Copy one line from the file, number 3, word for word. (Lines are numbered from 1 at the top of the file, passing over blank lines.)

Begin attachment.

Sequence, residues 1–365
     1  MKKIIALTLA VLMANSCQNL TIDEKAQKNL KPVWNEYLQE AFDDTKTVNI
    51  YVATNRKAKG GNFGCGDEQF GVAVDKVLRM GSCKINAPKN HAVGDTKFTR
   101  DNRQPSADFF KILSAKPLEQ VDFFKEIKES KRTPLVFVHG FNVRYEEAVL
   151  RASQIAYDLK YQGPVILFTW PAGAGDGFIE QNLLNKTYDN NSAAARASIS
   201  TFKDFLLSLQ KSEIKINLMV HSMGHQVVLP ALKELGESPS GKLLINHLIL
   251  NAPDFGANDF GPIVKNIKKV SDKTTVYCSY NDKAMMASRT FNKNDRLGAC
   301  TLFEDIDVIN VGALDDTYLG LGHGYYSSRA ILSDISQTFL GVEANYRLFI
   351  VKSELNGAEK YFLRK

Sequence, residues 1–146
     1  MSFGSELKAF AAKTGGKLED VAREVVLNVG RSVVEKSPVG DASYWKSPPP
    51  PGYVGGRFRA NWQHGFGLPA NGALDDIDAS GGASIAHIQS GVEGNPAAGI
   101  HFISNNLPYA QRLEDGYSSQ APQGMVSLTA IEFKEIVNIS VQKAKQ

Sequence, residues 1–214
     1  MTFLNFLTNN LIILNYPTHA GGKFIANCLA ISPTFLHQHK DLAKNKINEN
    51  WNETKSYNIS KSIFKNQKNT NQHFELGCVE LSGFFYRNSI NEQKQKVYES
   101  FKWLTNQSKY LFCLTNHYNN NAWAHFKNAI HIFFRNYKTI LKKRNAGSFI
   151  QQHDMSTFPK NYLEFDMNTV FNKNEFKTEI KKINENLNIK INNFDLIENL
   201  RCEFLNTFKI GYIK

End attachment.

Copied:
    51  YVATNRKAKG GNFGCGDEQF GVAVDKVLRM GSCKINAPKN HAVGDTKFTR